Third, I was trying to read an article online and realized my eyes were jumping all over the page and I hadn’t truly read anything!  If you had asked me what I had just spent the last 15 minutes doing I couldn’t have told you.  Not even the topic.  And it was one I CHOSE to read!

Well, that was it.  I was officially stupid.  I couldn’t retain anything.  I couldn’t learn anything.  And, I am NOT stupid.

So, I am officially rehabilitating myself.  When I catch myself wandering off, topic I re-read.  When I find myself stopping in the middle of a sentence, I stop everything else I’m doing, look at the person and try to salvage my comments.  I turn off my blackberry while I’m playing with the kids or making breakfast or getting dressed or whatever.  It’s not an easy feat but I’m pretty confident that slowing down and focusing more is going to be beneficial to my entire family.

Some call it mommy brain, some call it multi-tasking, some call it life…..I call it done.

What about you?  Are you a victim of multi-tasking stupidity?

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9 Responses to “Multi-tasking is making me stupid”

  1. Heather said

    I’ve actually read studies that have said that what we all call multi-tasking is actually impossible for your brain. It can’t actually do two things at the same time, but instead quickly switches back and forth, giving each task its millisecond of attention before it switches back. So (the article postulated) it’s actually *more* efficient to do one thing at a time before you move onto the next.

    Now…I don’t know if that’s possible, especially when you throw a couple of kidlets into the mix, but that’s what “they” said, and I thought it was interesting. The article also suggested that people’s stress levels might go down if they made an effort to do that “one thing at a time” route, kind of like you were just talking about.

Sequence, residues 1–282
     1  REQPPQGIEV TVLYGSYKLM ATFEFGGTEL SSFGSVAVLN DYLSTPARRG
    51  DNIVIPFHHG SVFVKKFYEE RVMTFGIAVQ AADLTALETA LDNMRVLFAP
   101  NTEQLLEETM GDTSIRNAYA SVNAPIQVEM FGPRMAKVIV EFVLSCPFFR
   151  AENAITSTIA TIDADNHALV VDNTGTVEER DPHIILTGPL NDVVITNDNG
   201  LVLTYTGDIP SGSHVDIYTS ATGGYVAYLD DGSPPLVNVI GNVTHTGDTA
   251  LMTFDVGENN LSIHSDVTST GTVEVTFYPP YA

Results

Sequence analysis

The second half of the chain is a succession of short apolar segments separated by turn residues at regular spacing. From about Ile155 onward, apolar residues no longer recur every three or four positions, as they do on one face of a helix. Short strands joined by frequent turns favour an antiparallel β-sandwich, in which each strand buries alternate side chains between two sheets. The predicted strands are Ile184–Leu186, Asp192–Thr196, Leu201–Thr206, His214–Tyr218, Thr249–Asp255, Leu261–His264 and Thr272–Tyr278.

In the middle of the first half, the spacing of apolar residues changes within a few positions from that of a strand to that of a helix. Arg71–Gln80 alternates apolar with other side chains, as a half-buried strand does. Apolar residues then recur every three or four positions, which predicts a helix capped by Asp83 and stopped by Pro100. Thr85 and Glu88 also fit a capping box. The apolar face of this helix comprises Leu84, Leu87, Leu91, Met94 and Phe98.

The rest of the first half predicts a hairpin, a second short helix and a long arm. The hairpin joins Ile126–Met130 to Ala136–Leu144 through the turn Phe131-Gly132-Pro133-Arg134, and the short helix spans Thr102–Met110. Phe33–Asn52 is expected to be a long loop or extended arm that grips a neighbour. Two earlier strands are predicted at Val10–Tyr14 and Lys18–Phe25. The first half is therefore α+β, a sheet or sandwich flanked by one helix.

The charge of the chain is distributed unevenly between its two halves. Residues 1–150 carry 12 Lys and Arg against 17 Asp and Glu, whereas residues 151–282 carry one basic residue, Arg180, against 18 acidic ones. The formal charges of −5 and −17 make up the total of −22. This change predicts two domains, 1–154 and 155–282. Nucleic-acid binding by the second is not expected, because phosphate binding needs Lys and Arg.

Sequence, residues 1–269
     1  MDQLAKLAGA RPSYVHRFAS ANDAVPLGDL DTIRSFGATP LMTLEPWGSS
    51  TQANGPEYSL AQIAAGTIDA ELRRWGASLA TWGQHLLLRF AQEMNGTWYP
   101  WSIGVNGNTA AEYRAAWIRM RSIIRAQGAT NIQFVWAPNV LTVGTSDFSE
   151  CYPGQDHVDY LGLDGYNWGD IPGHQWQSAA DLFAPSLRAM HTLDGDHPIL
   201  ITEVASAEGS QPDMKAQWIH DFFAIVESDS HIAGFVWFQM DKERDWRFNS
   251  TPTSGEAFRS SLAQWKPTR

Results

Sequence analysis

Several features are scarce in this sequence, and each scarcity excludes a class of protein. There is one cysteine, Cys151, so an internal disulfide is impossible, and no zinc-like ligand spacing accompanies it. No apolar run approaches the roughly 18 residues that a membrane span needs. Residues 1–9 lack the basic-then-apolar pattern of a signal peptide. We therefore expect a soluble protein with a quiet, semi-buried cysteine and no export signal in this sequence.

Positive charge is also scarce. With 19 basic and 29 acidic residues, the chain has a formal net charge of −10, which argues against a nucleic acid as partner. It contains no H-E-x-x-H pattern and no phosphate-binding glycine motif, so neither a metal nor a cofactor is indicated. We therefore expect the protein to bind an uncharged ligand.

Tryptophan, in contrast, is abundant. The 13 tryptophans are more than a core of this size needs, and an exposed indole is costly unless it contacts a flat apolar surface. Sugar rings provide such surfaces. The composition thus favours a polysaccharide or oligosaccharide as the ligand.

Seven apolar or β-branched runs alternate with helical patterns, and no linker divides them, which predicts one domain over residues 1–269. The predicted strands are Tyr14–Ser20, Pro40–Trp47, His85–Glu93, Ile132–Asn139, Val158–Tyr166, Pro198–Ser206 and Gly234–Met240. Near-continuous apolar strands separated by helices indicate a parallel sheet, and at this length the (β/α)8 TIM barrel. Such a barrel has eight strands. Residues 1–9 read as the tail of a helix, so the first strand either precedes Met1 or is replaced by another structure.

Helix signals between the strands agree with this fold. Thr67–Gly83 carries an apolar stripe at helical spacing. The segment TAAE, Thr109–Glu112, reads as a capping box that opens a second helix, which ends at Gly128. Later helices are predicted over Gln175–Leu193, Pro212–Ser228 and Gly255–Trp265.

Good onya for putting down the Blackberry. I, too, am addicted to the little red blinking light! 🙂 xx

    • mbamommy said

      Heather, I’d love to read that article, can you post a link to it? I swear I’ll give it my undivided attention (haha). I’m all for reading anything that confirms that I’m truly not stupid. And, that by doing this I’ll actually alleviate my stress and be more efficient (I’m all about efficiency). 😉

      So….do you ever just sit there and check your b-berry even if the red light isn’t blinking? Ugh.

  2. N. Frances Moritz said

    It’s amazing what these “smart”phones do to us. I recently changed mine so it doesn’t beep when I receive e-mails (because we ditched the house phone, so I’m leaving my cell phone on overnight). It’s absolutely amazing how much less distracted I am during work because of it.

    I recently tried 24 hours offline, including leaving my cell phone turned off. What a blissful Saturday that was!

    • mbamommy said

      Yeah, the forced ‘off the grid’ weekend was fantastic. And, I tried silencing my phone but I still look at it. Maybe even more because it doesn’t buzz now. I wonder if there’s a CBA (Crack-Berries Anonymous) meeting I could attend? 😉

  3. Tia said